Deciding to put money in your 401(k) is a sound first step towards your retirement savings, but once it's in the account, you need to decide how to allocate your funds. As you approach retirement, both money market funds and stable value funds offer lower risk than stocks and aggressive mutual funds, but depending on your 401(k) plan's investment strategies, you might not have either or both of those as options.
Investments Set By Employer
Your investment options for the money in your 401(k) plan are set by your employer. According to the Financial Industry Regulatory Authority, your 401(k) plan will give you at least three investment options, but there's no limit on the maximum number of options -- that depends on your employer. If your employer decides to include both a money market fund option and a stable value fund option, you're able to allocate your assets between the two investment options in whatever proportion you want.
Brokerage Account Option
Sometimes, 401(k) plans offer brokerage accounts. That gives you the flexibility to pick from any of the stocks, bonds, mutual funds, and other assets offered instead of having to pick from just the funds offered by the 401(k) plan. If your 401(k) plan offers that option, you're able to pick any money market fund and any stable value fund offered by the brokerage firm, regardless of the other specific funds offered by your 401(k) plan.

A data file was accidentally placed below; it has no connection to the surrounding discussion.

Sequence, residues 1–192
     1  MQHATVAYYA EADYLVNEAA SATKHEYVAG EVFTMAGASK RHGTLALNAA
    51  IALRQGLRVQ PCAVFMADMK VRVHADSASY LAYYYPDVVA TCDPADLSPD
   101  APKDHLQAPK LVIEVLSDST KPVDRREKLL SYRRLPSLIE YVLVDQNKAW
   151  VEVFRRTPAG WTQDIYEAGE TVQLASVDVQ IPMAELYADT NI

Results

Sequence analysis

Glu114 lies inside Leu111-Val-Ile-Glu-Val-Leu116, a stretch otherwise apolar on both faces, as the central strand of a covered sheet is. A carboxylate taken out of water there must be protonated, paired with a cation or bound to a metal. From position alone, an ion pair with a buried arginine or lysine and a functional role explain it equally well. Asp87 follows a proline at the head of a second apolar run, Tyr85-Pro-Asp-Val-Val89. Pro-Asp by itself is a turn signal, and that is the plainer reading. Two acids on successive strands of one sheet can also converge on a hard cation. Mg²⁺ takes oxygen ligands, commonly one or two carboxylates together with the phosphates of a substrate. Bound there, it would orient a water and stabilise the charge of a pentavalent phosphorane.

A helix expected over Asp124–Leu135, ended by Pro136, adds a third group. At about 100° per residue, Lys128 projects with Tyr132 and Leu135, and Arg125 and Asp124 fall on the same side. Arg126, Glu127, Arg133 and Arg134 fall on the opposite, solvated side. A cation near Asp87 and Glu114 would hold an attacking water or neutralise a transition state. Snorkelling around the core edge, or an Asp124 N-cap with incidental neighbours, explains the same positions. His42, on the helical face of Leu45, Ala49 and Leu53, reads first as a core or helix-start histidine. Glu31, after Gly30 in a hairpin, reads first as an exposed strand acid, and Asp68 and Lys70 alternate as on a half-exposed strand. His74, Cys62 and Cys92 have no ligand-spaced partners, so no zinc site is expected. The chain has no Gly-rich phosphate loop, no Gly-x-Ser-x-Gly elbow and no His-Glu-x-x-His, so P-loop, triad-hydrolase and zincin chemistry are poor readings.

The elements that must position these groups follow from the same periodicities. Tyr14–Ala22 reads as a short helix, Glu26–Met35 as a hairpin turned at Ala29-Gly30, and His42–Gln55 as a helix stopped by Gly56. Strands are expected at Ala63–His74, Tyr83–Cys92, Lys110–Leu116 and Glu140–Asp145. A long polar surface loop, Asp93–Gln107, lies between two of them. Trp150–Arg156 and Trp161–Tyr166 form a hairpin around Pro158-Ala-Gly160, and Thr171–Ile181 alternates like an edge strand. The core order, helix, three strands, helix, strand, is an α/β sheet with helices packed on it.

Money Market Funds
A money market fund is a special type of mutual fund that invests only in short-term, low-risk securities such as government securities, certificates of deposit, and commercial paper of companies. While not impossible, it's highly unlikely that these investments will lose money, though of course you usually won't make exceptionally high returns either. If you're approaching retirement and already have enough set aside, a money market fund allows you to continue to grow your retirement nest egg with minimal risk.
Stable Value Funds
Stable value funds function similarly to money market funds in that they invest in lower-risk investments, but stable value funds hold investment contracts rather than securities. These generally have longer maturities, but lead to higher yields. The downside to stable value funds is that there are typically limits to how much and how quickly you can cash out your investment because of the longer term of the investments. Similar to money market funds, losses are unlikely, but still possible.
Based in the Kansas City area, Mike specializes in personal finance and business topics. He has been writing since 2009 and has been published by "Quicken," "TurboTax," and "The Motley Fool."